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Québec City at its Best

Nordic Cuisine: The Distinctive Flavours of Québec's Boreal Forest

Credit: Allison Van Rassel

Québec City’s chefs embrace the seasons and transport adventurous eaters into the heart of the boreal forest with every forkful. The boreal forest is the largest vegetation zone in the province of Québec and has served as both pantry and pharmacy for First Nations peoples and early Quebecers. The boreal forest is unlike any other region in North America—it is the soul of Québec cuisine. So dig in and enjoy the taste of balsam fir, green alder pepper, sea buckthorn, and honeyberries.

Here are a few spots where you can sample and savour the full wealth of boreal cooking:

1 Chez Boulay, bistro and comptoir boréal

The boreal forest is one big playground for Arnaud Marchand, co-owner and chef at Chez Boulay. He likes to cook with balsam fir and cranberry seed oil—finicky ingredients that take some finesse to use! For dessert, he uses sea buckthorn and white sweetclover to surprise and delight the tastebuds. White sweetclover tastes a lot like vanilla, and sea buckthorn—a small orange berry loaded with vitamin C—adds a touch of acidity, much like lemon. In addition to dining in, you can also enjoy a quick meal from the restaurant’s ready-to-eat counter. And don’t forget to stop by the store and pick up the owners’ recipe book and the ingredients you’ll need to whip up a boreal feast at home!

2 Légende, L’Orygine and Kerrmess by Groupe La Tanière

Légende, L’Orygine and Kerrmess restaurants by Groupe La Tanière pride themselves on cooking exclusively with local products and using all parts of the animal or plant, from root to fruit. Chef and co-owner of all three restaurants Frédéric Laplante is a staunch advocate of biodiversity and works closely with biologist Fabien Girard to source ingredients from the boreal forest sustainably. Come for a drink, a meal, or just dessert and discover a whole host of responsibly-sourced delicacies!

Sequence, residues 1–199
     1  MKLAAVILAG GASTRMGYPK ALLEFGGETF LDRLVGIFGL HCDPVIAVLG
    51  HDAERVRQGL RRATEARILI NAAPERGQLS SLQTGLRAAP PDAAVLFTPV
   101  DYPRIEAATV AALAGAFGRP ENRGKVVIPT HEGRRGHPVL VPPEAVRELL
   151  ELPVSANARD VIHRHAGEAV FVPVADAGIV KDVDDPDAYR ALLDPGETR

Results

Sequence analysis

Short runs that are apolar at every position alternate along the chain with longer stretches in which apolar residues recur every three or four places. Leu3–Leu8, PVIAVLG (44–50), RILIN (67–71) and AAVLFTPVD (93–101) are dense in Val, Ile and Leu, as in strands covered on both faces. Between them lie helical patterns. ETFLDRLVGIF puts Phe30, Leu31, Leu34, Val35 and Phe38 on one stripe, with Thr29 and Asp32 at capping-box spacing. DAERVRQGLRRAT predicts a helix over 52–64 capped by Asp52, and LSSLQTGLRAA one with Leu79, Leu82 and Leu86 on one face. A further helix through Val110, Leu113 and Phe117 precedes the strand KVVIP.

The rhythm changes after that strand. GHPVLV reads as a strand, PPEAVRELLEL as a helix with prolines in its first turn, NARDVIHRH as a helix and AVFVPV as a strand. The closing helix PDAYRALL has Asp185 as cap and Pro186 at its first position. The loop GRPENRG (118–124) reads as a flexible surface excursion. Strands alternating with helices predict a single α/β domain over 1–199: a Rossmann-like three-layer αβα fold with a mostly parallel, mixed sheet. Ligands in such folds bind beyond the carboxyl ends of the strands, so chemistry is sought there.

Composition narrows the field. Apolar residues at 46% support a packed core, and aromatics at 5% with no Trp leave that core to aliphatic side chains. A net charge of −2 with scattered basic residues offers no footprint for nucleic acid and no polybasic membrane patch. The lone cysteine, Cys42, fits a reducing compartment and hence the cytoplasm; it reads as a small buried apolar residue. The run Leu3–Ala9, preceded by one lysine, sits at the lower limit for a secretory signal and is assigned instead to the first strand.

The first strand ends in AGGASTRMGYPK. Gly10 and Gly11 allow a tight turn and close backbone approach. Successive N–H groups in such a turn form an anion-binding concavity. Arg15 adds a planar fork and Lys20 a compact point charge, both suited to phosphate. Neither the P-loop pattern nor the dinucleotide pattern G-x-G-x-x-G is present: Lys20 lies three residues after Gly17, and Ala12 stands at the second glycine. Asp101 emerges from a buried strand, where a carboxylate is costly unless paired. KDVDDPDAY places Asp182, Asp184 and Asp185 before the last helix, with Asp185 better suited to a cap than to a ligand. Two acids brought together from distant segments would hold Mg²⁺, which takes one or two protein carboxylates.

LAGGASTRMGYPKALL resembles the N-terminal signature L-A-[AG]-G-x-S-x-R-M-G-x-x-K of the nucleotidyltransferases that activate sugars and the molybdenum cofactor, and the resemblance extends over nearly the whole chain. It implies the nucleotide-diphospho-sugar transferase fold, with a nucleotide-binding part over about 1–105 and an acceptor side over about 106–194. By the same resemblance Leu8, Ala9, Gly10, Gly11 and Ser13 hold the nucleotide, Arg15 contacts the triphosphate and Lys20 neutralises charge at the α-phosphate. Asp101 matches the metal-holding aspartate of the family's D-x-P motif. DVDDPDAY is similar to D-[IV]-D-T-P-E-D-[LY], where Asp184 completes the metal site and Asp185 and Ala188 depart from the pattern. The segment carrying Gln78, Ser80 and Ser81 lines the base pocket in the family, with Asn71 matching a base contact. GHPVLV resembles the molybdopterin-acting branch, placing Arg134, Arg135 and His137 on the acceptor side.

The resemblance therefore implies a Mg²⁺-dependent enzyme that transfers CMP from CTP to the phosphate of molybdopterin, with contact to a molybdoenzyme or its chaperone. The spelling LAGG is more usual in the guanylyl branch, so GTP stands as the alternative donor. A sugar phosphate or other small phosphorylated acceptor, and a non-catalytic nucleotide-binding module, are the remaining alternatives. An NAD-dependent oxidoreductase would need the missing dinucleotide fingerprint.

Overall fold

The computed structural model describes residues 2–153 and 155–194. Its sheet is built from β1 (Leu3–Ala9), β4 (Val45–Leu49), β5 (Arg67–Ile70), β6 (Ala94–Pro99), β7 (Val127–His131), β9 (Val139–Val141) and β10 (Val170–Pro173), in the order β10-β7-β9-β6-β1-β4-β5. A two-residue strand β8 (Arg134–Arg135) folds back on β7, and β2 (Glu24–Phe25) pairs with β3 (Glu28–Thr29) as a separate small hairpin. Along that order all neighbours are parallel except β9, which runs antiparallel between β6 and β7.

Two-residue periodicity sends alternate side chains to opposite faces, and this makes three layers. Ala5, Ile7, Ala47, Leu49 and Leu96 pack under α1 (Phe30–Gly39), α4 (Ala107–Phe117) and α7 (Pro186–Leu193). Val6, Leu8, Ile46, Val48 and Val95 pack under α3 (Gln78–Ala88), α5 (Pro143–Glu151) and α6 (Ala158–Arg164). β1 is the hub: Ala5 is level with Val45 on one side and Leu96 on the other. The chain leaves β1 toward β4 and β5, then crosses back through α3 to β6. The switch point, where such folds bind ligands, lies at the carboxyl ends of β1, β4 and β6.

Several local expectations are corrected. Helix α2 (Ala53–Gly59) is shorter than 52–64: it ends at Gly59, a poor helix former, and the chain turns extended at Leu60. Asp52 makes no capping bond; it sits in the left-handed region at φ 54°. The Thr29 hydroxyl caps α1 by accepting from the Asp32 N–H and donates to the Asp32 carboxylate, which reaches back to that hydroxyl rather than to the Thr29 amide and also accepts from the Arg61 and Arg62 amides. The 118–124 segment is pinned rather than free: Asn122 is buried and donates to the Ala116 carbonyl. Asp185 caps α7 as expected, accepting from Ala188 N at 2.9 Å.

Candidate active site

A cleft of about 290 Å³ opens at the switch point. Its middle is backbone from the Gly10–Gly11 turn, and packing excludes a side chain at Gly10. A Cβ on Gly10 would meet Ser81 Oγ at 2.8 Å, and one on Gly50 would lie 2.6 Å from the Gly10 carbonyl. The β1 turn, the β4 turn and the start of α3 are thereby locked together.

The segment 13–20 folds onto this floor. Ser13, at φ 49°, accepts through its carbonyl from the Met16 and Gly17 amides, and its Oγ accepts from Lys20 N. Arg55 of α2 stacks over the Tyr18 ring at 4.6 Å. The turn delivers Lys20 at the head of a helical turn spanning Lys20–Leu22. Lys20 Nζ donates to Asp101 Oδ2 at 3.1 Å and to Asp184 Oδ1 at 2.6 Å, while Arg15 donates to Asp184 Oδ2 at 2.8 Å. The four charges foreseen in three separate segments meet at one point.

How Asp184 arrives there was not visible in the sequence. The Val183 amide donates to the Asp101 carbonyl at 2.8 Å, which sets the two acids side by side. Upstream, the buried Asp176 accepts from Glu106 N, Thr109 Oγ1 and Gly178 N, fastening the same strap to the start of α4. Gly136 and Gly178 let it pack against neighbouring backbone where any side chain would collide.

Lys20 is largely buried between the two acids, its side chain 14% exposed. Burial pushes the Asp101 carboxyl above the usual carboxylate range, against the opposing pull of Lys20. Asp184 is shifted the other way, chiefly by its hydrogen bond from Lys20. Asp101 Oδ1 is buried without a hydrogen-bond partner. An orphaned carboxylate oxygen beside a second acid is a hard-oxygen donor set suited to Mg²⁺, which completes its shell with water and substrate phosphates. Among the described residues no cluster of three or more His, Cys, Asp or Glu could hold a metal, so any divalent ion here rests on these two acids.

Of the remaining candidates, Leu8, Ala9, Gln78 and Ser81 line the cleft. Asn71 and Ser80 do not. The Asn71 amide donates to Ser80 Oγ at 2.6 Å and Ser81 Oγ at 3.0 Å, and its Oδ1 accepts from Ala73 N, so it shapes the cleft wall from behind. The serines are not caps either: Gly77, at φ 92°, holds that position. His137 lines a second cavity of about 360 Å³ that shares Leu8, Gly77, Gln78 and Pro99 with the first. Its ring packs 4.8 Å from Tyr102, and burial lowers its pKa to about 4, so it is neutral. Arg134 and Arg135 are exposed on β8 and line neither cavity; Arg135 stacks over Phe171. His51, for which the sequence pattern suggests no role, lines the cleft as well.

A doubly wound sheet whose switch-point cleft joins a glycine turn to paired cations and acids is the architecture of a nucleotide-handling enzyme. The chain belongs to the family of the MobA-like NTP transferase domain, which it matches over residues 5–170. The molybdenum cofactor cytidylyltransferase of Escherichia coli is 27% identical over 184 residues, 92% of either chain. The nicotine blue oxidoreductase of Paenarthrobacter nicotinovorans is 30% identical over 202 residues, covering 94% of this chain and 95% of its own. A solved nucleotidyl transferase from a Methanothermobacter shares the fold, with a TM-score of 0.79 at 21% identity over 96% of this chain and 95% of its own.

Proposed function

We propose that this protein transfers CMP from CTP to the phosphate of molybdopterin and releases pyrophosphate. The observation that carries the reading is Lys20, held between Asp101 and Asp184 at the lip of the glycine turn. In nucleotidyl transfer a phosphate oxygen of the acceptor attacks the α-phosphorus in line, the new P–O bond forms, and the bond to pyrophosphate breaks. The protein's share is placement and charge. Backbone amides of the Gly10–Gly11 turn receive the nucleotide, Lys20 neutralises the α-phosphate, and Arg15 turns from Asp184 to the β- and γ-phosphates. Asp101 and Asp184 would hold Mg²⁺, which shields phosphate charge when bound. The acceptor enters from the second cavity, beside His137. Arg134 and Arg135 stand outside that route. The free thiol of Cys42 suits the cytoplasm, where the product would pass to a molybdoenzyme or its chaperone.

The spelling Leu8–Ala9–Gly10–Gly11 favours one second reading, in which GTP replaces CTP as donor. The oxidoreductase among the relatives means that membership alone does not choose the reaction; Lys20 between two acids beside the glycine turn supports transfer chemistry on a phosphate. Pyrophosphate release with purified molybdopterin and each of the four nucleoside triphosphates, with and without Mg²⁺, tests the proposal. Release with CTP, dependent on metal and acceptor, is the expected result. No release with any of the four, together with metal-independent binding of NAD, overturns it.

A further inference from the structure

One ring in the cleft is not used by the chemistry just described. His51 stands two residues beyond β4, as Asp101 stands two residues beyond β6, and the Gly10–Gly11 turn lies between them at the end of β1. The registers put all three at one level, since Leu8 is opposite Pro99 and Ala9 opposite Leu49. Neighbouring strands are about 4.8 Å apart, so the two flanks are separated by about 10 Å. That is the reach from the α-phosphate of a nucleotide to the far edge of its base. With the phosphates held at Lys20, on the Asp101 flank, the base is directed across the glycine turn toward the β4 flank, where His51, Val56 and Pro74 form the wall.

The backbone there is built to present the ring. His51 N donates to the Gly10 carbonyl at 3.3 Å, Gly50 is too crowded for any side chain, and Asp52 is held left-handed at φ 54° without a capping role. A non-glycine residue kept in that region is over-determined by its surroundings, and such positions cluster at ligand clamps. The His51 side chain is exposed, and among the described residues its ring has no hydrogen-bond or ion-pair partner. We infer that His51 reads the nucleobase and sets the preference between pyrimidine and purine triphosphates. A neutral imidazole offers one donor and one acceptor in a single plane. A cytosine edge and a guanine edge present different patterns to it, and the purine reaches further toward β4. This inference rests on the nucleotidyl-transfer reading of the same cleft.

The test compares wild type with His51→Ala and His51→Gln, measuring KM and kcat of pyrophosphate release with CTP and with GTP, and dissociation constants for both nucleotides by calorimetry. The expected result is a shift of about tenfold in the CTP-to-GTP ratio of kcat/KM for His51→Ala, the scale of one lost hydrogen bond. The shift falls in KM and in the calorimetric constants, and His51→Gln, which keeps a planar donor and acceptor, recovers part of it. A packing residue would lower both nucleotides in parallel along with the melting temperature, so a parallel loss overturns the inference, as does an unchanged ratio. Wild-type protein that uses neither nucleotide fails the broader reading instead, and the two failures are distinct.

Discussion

3 La Traite

Indigenous culture and traditions take centre stage at La Traite restaurant at Hôtel-Musée Premières Nations in Wendake, no matter what time of day you stop by. Chef Olivier Bernadet uses unique ingredients like birch syrup, oak leaf, and wild berries to delicious effect to enhance the flavour of his game, fish, and vegetable dishes. Be sure to try some bannock, a traditional flatbread that goes great with the many local cheeses, smoked fish, and housemade jams served at brunch.

4 Le Monastère des Augustines

Tisanes de l'apothicairesse Credit: Le Monastère des Augustines Zoom

Discover the benefits of the medicinal herbs and local plants used by Québec’s Augustinian sisters. Le Monastère des Augustines' boutique sells Les tisanes de l'apothicairesse, healthy infusions once used by the nuns themselves! Try the Tisane Royale—a blend of grape, licorice, and flaxseed—and a whole host of other healing, comforting, and calming concoctions that revive the body and mind.

5 Brasserie Artisanale La Korrigane

La Korrigane brews craft beer with hand-picked ingredients from boreal trees and bushes. Depending on the season, you might find some unusual products in the barrels, like a German-inspired beer made with wheat and Labrador tea, a plant that’s often used as a tea substitute. This peppery and lemony beer, named Amaruq, took home the silver medal at the Canadian Brewing Awards in 2017.

6 Chapeau les bois

The Chapeau les bois stall at Marché du Vieux-Port is a great place to learn about products from Nordic cuisine. They sell Nordic nuts, freshly picked wild mushrooms, and a range of homemade products including chipolata des bois sausage, ground chaga, and a lemon fiddlehead pesto. If it’s in season, make sure you try the famous sea asparagus, an herb that grows between tides in the salty soil along the majestic St. Lawrence River.

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